China to hold long-delayed plenary meeting to boost embattled economy

The third plenary session has already spawned some new buzzwords, and will focus on growth in the Yangtze Delta.
By Kitty Wang and Qian Lang for RFA Mandarin, Yitong Wu for RFA Cantonese
China to hold long-delayed plenary meeting to boost embattled economy A general view shows delegates attending the closing of the 19th Communist Party Congress at the Great Hall of the People in Beijing on October 24, 2017.
Nicolas Asfouri/AFP

The ruling Chinese Communist Party has announced it will hold a top-level plenary session on the economy several months later than usual, suggesting it is struggling to come up with a workable plan to stimulate growth and boost investor confidence in its handling of the economy, analysts said in recent interviews with Radio Free Asia.

The ruling party's Central Committee announced this week it will hold its delayed third plenary session of the 20th party congress in July, an unusual time of year for such a meeting. Third plenums -- full sessions of the 205-member, 171-alternate member committee -- have traditionally focused on economic matters.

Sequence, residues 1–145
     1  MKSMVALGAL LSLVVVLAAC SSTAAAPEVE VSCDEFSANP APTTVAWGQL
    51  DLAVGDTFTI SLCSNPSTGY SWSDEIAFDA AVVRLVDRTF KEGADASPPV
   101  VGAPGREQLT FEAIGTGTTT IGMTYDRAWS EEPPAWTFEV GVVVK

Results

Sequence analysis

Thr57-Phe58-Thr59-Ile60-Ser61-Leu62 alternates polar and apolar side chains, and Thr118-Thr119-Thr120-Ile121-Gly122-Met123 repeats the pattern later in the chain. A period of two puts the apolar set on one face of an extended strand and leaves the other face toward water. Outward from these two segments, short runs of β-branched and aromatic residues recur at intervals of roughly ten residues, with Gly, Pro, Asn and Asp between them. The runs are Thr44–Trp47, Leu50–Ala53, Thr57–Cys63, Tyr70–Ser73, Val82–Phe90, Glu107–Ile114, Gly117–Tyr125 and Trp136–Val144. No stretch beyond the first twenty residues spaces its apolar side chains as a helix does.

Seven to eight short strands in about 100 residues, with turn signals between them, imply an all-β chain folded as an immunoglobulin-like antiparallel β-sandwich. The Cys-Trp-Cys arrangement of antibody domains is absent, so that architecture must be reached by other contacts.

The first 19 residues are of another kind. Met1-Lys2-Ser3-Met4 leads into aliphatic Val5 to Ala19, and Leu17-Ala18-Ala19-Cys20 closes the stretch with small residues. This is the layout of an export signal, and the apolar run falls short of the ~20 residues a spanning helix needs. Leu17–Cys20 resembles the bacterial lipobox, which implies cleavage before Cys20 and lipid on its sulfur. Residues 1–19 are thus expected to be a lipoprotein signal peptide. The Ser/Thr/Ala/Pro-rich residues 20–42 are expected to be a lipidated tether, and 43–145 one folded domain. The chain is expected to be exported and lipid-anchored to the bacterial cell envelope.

But while state media have reported that the plenum will decide on reforms amid “challenges at home and complexities abroad,” analysts said the long delay suggests that the party leadership has struggled to reach consensus on what that might mean on the ground.

"If they had held it last year, or at the start of this year, they wouldn't have known what economic direction to take," U.S.-based commentator Cai Shenkun told RFA Mandarin, adding that nobody really understood the latest economic slogan to come down from the top, "new productive forces."

"They started pushing the idea of new productive forces, but everyone thought it was a joke," Cai said. "Now they may have found some practical ways to boost the economy."

The new focus will be breathing new life into the Yangtze River Delta region, using another buzzword -- "new development philosophy" -- state news agency Xinhua reported on May 2.

"Economic recovery is beset by multiple challenges, including insufficient demand, high operation pressures in enterprises, various hidden risks in key sectors, unsmooth domestic economic flow, as well as an external environment that is grimmer, more complicated and less certain," Xinhua quoted an April 30 Politburo meeting as saying.